It was time for LUNCH! So we headed over the the executive building to eat at the Rotunda surrounded by the suits. Again, being a fly on the wall listening to all the stories between Burny & Don working for Walt and being trained by the 9 Old Men. I can’t even explain how awesome this was. The waiter serving us remembered Don from his time there, which I thought was pretty funny. We all posed for a picture afterwards.
On our way out we took a photo of Burny and Don infront of “The Legends Plaza”.
Once we were all done with lunch, Howard invited us to take a tour of Walt Disney’s original office. Everything was in it’s original place and you could just feel in the atmosphere and the history.
I will just place these here:
Now I must tell you, if you ever and I mean EVER get a change to visit Walt Disney’s original office. DO IT! To think this was the office where Walt met with so many talented people, made decisions that changed American history and so much more. This is something I will never forget and always cherish.
Once we finished visiting Walt Disney’s office, we had a few very important things left to do. But we will save that for another time.
Wow! What a great time you both must have had. I know Burny did animation of Rabbit on “Winnie the Pooh and Tigger too” and Don did as well. Beautiful stuff! I hope Don felt some of that old Disney magic.
That is terrific. I love it that Don had a chance to go back and take a walk down memory lane…literally.
Very excited to see this wonderful man there.
Don had given him a lot of creativity in this place
A trip down memory lane! Disney was very fortunate to have you as part of their team. You have been blessed with Incredible talent.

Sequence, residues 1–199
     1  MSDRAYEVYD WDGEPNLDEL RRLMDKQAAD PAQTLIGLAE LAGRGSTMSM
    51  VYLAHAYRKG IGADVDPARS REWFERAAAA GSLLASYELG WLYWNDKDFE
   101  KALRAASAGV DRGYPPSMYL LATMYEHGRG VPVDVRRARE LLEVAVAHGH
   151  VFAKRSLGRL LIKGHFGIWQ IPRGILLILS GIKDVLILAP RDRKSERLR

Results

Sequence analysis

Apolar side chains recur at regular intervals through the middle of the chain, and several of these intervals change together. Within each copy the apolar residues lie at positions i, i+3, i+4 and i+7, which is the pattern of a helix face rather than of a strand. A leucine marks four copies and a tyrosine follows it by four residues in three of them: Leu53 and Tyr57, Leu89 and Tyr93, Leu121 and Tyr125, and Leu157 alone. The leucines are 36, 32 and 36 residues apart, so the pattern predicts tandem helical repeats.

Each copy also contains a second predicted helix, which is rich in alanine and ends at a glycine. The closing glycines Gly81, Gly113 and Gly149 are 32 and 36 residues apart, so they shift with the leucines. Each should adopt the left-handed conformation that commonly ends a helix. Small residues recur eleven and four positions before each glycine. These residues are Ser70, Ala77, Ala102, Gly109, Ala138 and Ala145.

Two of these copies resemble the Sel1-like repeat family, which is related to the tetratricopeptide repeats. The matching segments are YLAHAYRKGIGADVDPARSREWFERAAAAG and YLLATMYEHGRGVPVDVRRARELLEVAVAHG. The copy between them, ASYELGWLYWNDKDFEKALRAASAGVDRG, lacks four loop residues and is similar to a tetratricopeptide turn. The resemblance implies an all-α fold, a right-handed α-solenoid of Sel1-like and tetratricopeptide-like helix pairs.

Thank you for sharing the tour.
It is nice to see some pictures where Walt Disney and Roy Disney worked. Also Don Blyth and his return I would love to go see the studios and some your art work and get met you guys. I just to say thank you for sharing and seeing great people and what you people do to bring happiness in all are lives. Thank you Don
This was awesome!
I can’t imagine how much you couldn’t wait to let your readers know of your amazing tour. To take in all that majesty had to be fulfilling. What an era Walt hath wrought! Thanks for sharing.
I wish Eric Goldberg should quit Disney just like Glen Keane.
Lavalle, so great to see this happen as you might recall that Don reconnecting with Disney was one of my desires from our days online in the Don Bluth forums. The break away from Disney was historic and so very important to animation but to be able to see the loop close like this… perhaps even more important. I’m glad you were there as witness to the event. Keep up the great work.
I have a feeling he’s going to try to form some sort of partnership with Disney to restart the 2d animation industry, and the 1st project will be Dragon’s Lair : The Movie.